The Drug Enforcement Agency (DEA) is increasingly becoming as vital to national peace and security as ICE. I am not without my libertarian sympathies, and disapprove of the DEA’s harassing dispensaries of marijuana (which I think should be legal). But much as ICE largely targets only the worst criminal aliens, the DEA largely targets only the most vile elements of the drug trade. Right now, that means stamping out the production and distribution of heroin and various opioids such as fentanyl. And, although the implication is not usually spelled out, that means resisting Open Borders.
Overdoses, remember, are the number one cause of death for Americans under the age of fifty—and this plague disproportionately affects whites. While the “opioid crisis” is talked about regularly, and (appropriately) with great gravitas by the Mainstream Media [The Poison We Pick, By Andrew Sullivan, NYMag, February 20, 2018], they rarely talk about the footsoldiers leading the counter-attack—namely the DEA.
With an annual budget of only two billion dollars, and about 10,000 employees, the DEA is a small agency. ICE, which is not considered big either, has twice as many employees and nearly four times as much money. But the DEA is still a force to be reckoned with. This July, in the Bronx, agents seized about 55 pounds of heroin and fentanyl. (Pictured right)To give you a sense of just how much that is, consider that the amount of heroin that typically leads to overdose is 200 to 500 milligrams (it varies widely because of the different tolerances among users, and the differing levels of purity of street heroin). If we split the difference and put the average overdose amount at 350 milligrams, then one pound of heroin contains a total of 1,296 average overdoses. 55 pounds contains a total of 71,280 average overdoses—enough to kill every resident of Bismarck, North Dakota. With that seizure came five arrests.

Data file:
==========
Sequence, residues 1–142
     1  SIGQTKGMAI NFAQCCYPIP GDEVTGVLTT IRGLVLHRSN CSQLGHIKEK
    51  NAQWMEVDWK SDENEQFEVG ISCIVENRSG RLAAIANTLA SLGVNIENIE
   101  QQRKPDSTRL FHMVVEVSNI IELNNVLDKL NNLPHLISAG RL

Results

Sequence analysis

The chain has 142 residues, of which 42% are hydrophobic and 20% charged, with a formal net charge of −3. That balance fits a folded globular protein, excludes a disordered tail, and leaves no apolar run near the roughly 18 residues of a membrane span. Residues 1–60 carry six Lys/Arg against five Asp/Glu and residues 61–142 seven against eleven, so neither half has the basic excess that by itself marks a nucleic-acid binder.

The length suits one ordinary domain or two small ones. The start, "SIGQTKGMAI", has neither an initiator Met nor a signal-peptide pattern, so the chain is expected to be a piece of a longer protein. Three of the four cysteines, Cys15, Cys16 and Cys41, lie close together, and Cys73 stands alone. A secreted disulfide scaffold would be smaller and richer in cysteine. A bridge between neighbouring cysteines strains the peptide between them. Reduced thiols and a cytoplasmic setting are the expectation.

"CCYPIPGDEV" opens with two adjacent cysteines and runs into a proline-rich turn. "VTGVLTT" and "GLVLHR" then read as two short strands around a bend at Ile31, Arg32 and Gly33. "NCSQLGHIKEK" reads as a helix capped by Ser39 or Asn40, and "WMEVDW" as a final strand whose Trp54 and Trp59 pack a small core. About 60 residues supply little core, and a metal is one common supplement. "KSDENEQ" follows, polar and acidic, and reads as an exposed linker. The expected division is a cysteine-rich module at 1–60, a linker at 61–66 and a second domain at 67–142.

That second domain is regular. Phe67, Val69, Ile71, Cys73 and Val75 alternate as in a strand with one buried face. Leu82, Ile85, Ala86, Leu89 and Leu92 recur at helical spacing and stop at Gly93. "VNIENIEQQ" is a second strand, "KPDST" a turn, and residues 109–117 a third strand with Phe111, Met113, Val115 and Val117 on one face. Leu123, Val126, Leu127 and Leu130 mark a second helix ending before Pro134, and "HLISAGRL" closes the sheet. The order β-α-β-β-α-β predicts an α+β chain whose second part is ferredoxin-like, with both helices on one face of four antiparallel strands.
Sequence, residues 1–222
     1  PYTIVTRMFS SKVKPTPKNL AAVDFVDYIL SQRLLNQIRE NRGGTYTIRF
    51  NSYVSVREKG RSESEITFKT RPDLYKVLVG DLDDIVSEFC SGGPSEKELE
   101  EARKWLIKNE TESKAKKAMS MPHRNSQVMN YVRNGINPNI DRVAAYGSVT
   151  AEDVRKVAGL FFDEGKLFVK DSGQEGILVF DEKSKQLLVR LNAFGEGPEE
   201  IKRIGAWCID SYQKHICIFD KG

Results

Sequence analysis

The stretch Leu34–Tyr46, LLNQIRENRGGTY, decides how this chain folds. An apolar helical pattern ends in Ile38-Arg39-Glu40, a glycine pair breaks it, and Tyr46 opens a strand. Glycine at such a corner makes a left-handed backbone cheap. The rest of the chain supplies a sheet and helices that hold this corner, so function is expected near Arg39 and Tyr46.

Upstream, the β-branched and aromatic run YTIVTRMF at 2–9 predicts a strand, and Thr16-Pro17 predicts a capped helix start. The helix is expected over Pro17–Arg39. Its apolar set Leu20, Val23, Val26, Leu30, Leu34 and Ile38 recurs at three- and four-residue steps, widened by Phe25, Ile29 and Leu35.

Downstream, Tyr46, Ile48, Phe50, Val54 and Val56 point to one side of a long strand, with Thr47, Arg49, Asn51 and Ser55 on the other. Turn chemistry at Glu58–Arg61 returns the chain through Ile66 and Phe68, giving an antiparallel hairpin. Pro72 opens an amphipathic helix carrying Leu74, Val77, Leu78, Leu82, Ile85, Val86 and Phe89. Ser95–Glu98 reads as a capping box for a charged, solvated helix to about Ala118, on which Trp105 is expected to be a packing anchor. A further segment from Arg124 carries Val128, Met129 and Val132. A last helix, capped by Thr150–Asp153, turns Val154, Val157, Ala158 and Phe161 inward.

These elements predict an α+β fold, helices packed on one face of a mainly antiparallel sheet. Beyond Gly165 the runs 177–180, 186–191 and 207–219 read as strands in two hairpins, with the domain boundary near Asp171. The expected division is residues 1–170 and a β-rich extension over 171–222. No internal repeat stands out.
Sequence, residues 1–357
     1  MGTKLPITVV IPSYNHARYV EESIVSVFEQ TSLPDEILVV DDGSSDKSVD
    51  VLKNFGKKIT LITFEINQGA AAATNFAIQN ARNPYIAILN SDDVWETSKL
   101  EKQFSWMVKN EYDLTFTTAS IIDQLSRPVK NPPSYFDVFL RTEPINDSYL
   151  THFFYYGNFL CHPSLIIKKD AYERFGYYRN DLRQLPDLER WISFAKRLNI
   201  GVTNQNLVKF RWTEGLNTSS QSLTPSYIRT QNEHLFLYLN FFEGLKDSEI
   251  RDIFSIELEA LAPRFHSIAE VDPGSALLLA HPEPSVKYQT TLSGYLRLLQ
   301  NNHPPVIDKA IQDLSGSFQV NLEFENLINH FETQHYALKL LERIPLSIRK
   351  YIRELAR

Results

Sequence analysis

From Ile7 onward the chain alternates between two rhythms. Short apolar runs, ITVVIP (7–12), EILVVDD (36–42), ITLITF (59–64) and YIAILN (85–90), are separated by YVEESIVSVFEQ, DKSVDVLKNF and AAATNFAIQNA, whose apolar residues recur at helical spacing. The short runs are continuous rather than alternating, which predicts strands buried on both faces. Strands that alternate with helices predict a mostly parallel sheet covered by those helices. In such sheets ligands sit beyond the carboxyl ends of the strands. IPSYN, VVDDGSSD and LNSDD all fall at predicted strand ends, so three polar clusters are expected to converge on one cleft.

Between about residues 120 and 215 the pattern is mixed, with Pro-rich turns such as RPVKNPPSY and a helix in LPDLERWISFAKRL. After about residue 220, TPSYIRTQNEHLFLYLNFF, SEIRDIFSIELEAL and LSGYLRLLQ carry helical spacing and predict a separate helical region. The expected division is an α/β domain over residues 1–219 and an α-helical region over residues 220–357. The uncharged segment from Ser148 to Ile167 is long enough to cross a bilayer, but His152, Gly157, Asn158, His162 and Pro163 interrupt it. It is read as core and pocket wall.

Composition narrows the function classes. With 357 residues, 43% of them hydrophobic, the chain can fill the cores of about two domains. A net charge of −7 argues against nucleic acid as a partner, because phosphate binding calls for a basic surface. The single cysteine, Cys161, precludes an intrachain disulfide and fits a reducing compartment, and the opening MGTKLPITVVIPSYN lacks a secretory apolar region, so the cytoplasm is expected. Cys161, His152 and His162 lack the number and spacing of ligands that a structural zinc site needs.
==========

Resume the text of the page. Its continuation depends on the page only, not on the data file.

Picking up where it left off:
The defendants are: Luis Guzman-Rojas, Matias Rosario-Ramon, Anthony Polanco, Willy De La Cruz, and Pedro Sandoval.
Those names struck me as curiously similar to the names of drug pushers in another DEA action from July: Midence Oqueli Martinez Turcios, Arnaldo Urbina Soto, Carlos Fernando Urbina Soto, and Miguel Angel Urbina Soto.
Mr. Martinez (right) is a sitting congressman in Honduras. Arnaldo Urbina is a former mayor in Honduras, and the other two are clearly relatives of his. Why did the four of them attract the interest of the DEA? Well:
From at least in or about 2004, up to and including in or about 2014, multiple drug trafficking organizations in Honduras and elsewhere worked together, and with support from Martinez Turcios, the Urbina Soto defendants, and others, to receive multi-hundred-kilogram loads of cocaine sent to Honduras via air and maritime routes from, among other places, Venezuela and Colombia. The cocaine shipments were transported westward within Honduras toward the border with Guatemala and eventually imported into the United States, often in coordination with high-ranking members of Mexico’s Sinaloa Cartel.
Whether these four Hondurans are extradited to the United States remains to be seen.
Deaths from cocaine overdose in America range every year from around 4,000 to around 8,000. By comparison, the total number of Americans who have died in Iraq since our 2003 invasion is 4,497.